This week's edition of "The 3", my week-in-review feature, includes the latest development in the saga of a family who fled Germany because of government restrictions they encountered resulting from their homeschooling their children.   Also, the abortion industry continues to be in the spotlight, with the verdict in the Kermit Gosnell trial being rendered and employees of another clinic, this time in Houston, going public about what they saw.  And, the top story, perhaps the top story of the week in general, involves the allegations that the Internal Revenue Service targeted certain groups for increased scrutiny, including some Christian ministries.

3 - German homeschool family loses in appeals court, attorneys vow to continue the process for asylum

The 6th U.S. Circuit Court of Appeals issued a decision this week in the case of a family from Germany who had desired to homeschool their children there, but faced increased pressure from officials of the German government, who had even reportedly threatened to force the parents to give up custody of their children.

The Romeikes left Germany in 2008 and were granted asylum in 2010 by Immigration Judge Lawrence O. Burman.  That grant was overturned by the Board of Immigration Appeals in 2012.  A three-judge panel of the Sixth Circuit heard the Romeikes’ appeal on April 23 in Cincinnati, and issued a unanimous decision on Tuesday against the family.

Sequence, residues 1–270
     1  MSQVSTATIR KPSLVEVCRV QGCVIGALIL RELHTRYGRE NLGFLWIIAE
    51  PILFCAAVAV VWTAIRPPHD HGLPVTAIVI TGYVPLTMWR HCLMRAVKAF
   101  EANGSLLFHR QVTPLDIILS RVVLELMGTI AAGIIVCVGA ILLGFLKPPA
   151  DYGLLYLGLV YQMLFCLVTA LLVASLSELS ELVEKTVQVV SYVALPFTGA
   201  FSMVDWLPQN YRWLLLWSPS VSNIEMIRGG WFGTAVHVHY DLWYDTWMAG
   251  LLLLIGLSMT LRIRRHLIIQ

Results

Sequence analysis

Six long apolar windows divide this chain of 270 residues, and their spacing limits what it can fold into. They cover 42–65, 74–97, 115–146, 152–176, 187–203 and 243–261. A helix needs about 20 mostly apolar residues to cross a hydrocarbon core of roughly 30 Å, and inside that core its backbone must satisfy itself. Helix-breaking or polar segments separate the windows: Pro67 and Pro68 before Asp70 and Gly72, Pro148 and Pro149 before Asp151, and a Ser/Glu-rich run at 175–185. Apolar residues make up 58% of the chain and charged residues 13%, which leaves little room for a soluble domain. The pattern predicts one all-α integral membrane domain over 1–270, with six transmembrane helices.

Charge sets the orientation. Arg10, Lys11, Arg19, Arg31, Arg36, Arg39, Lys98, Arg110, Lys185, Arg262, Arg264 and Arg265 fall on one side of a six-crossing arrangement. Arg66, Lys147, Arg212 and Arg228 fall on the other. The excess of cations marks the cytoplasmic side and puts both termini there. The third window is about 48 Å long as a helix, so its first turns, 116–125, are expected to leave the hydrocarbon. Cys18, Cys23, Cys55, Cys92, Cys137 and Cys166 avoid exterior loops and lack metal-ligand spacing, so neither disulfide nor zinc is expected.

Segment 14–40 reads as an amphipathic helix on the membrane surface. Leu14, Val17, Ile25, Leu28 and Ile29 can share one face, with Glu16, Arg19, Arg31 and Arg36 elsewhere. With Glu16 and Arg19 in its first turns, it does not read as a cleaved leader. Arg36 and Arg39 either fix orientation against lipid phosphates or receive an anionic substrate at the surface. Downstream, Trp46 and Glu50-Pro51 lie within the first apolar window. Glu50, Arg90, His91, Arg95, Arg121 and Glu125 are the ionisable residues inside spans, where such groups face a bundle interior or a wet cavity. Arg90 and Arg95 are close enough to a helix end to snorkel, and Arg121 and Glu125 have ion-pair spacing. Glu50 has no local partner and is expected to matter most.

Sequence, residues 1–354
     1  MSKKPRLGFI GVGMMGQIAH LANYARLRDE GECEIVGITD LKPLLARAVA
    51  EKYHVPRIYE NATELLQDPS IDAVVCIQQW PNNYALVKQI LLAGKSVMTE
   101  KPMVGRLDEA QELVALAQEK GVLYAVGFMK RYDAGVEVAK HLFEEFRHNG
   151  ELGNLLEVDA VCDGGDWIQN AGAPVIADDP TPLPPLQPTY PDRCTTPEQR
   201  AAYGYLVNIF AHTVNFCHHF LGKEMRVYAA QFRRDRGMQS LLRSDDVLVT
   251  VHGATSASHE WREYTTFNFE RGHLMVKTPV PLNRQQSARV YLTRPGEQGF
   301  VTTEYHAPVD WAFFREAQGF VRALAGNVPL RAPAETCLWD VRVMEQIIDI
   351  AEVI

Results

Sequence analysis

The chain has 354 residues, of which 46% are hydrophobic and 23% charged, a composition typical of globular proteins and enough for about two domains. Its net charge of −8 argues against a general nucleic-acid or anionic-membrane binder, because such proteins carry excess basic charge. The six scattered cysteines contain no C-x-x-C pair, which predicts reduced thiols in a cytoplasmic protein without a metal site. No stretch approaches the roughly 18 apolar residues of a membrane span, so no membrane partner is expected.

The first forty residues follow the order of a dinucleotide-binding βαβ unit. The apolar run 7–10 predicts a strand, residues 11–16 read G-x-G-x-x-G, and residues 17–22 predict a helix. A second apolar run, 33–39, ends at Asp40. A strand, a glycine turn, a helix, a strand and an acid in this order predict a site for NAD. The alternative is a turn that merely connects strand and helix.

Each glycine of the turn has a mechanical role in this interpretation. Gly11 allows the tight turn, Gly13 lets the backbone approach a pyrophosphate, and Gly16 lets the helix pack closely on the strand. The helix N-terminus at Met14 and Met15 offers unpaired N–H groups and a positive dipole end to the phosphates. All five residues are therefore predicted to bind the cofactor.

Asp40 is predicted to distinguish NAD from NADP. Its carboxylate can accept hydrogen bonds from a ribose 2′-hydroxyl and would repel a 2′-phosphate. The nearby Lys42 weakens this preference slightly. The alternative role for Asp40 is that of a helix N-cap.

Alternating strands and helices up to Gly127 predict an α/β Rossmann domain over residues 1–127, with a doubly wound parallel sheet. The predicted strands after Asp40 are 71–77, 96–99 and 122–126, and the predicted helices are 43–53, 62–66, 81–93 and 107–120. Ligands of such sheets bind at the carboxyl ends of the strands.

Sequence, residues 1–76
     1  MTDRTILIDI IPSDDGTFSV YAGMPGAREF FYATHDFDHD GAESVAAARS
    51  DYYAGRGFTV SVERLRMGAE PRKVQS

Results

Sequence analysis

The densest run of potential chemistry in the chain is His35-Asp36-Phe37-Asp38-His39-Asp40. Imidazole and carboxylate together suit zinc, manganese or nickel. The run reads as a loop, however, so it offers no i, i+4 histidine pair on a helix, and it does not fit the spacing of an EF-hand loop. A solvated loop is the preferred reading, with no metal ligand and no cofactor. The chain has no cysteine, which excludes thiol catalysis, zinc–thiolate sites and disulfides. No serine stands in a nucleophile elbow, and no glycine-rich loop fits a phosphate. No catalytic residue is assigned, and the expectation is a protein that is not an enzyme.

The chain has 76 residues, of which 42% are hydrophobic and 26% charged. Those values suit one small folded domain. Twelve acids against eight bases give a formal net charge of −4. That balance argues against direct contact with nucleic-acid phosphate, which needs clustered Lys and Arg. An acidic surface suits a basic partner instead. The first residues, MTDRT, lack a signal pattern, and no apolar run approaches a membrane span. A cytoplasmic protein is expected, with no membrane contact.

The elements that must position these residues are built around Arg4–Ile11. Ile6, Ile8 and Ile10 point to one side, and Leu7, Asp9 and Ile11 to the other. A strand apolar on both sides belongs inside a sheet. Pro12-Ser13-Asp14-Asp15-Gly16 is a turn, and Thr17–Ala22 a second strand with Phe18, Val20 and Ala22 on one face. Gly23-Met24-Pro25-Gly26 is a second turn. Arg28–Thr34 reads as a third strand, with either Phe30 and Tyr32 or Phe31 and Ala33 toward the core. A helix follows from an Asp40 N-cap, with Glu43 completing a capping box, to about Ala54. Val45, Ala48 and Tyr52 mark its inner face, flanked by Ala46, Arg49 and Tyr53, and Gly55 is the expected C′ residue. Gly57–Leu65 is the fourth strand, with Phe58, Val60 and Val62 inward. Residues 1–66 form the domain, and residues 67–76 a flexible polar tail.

Michael Farris, Founder and Chairman of the Home School Legal Defense Association is quoted on the HSLDA website as saying, “We believe the Sixth Circuit is wrong, and we will appeal their decision...America has room for this family, and we will do everything we can to help them.”  HSLDA has announced it will appeal the ruling.

The court said that the Romeikes had not made a sufficient case, and that the United States has not opened its doors to every victim of unfair treatment.   The court did acknowledge that the U.S. Constitution recognizes the rights of parents to direct the education and upbringing of their children, it refused to concede that the harsh treatment of religiously and philosophically motivated homeschoolers in Germany amounts to persecution within our laws on asylum.

Mike Donnelly, HSLDA director of international affairs claimed that, “The court ignored mountains of evidence that homeschoolers are harshly fined and that custody of their children is gravely threatened—something most people would call persecution. This is what the Romeikes will suffer if they are sent back to Germany.” 

Already over 124,000 people have signed an online petition in support of this family.

2 - Philadelphia abortionist found guilty, new reports surface on similar actions in Houston

The Gosnell trial is over, but the conversation about the issue of abortion is hopefully far from over, as this trial has opened up new questions about the nature of the abortion industry.   Pro-life advocates are attempting to make the case that Gosnell's Philadelphia clinic, nicknamed the "House of Horrors" is more of the rule rather than the exception.   Abortion supporters are attempting to make the opposite case.

Gosnell was sentenced to two consecutive life terms on Tuesday for killing babies born alive and received another life sentence on Wednesday.   WORLD continued its comprehensive coverage throughout the week.